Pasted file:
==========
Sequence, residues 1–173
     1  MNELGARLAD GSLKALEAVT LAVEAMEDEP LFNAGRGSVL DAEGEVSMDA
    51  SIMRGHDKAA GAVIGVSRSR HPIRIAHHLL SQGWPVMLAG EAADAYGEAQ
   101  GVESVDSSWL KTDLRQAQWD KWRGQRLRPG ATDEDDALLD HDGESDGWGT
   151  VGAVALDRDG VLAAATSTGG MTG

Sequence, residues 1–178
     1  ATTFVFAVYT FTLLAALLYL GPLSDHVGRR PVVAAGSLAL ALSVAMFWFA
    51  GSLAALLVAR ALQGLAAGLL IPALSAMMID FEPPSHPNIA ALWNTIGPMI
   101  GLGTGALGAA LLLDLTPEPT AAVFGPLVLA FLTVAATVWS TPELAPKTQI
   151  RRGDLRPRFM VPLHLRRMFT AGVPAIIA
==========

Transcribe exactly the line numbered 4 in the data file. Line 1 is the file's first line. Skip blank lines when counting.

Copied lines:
   101  GVESVDSSWL KTDLRQAQWD KWRGQRLRPG ATDEDDALLD HDGESDGWGT